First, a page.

Many of the phonetic spellings of these words are wrong – too many 'uh's. And I can't even decipher what that mess after 'scintillating' is supposed to mean. If you mispronounce these words or use them when they're not really necessary, you won't sound smart; you'll sound like you're trying to sound smart.

    9. maria says:

      yay racism !

      really, blackinjun? racist people shouldn't be allowed to comment.

    10. M.E.Smith says:

      I preface this comment by saying that as an educated African-American female, I make it my business to grow daily through all resources available. When my day is complete, I want to be more me in-tune with the Lord's will, ensure I'm a blessing to others in need through word AND deed, learn something "new", and be a BETTER "Me" tomorrow. I applaud the efforts extended in providing this list, because it is not a far-stretch from what my mother required as a "Weekly Household Assignment" amongst my siblings and me, along with weekly book reports. Albeit, the phonetics may be a little off, I think that it is an OUTSTANDING starting place for MANY adults who aspire to conduct meaningful conversations outside of their realm of comfortability, and in the encouragement of their children to speak something OTHER THAN the muddled, offensive form of the English language that we have to be subjected to on a daily basis. "If you are NOT a part of the SOLUTION … then you are DESTINED to be part of the PROBLEM"! KUDOS to you, College Candy!

    11. nessa says:

      First of all that's not how you spell the word.
      Second of all I AM black, my family is black, my extended family is black, I have friends who are black and we're perfectly capable of expressing ourselves without expletives.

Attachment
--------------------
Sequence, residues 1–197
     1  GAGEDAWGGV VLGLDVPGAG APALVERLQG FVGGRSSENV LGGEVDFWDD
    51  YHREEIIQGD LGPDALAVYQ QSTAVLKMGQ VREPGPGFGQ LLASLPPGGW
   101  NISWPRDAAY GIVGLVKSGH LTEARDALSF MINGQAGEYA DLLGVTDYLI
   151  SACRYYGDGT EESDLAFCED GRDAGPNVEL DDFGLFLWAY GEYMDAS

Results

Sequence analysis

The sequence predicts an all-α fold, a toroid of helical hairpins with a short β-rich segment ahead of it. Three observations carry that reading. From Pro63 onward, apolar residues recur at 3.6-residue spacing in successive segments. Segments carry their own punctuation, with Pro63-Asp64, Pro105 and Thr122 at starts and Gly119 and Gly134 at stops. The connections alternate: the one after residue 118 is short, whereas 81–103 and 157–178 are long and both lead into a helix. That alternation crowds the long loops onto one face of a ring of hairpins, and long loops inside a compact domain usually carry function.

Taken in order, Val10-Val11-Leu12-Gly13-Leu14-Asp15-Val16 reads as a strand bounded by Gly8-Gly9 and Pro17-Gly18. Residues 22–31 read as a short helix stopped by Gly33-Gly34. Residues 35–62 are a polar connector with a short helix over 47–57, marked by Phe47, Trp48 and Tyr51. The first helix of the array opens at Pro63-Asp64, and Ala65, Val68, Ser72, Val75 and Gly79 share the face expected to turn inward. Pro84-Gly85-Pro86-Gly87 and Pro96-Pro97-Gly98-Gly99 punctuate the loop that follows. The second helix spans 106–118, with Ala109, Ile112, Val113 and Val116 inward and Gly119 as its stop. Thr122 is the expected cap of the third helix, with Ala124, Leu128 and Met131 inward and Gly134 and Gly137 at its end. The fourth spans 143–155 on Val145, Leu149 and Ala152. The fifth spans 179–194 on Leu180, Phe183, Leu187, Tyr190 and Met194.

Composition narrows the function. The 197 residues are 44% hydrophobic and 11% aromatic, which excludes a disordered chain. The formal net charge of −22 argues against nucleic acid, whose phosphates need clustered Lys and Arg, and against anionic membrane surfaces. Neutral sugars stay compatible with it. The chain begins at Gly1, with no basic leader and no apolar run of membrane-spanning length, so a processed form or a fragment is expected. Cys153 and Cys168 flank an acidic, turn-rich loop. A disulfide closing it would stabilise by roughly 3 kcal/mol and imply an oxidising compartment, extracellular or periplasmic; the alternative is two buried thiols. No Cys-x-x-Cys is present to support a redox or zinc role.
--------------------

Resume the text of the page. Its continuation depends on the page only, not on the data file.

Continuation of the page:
12. Ashley says:

      Some pretty bad pronunciations here. I speak French, pretty much at near-native proficiency (I've been speaking it my whole life, but I don't really use it anymore in every day settings, so I don't remember words as quickly as I do in English, but listening or reading something in French is easy enough as long as the words aren't being spoken extremely quickly. Those who use French as their first language speak it far faster than those who speak it as their second, even if it's native or near-native for them).

      Correct pronunciations (at least for the french words):
      Avant-Garde: sounds like "ah-vaunt -gahrd" and kind of roll the r. Or in the English way of saying, the "garde" would be like "guard" Hard g in both cases.

      Bravado: sounds like it's written. "brah-vah-doh."

      Ennui: French word, so you will not be pronouncing it properly anyways unless you speak French. But the "en" I'd say sounds most similar to the English word "honour." The "nu" sounds more like "nude," only I guess more nasal-y. So "nui" sounds like the start of "nude" with a pronounced "e" after the u in place of "de."

      Equanimity: [ee-kwuh-nim-i-tee, ek-wuh-] Pretty sure the "ee" should just be "e."

      Esoteric: Sounds like "ezz (as in pezz)-oh-tear (as in a rip in something)-ick" Pretty sure you can also pronounce it with a strong e at the beginning, like "eek"

      Fait Accompli: I don't believe that the "t" ties into "accompli." If it doesn't, it should sound like "feh (like the start of feta)-ah-koh (I can't think of a sound that replicates it in English, but the best I can find would be to picture yourself pronouncing the letter "o" quite nasal-y)-puhlee (the "uh" in there should almost not be audible. But the sound "plea" in English sounds just slightly off from the "pli" pronunciation in French, and this is the closest I can think of)"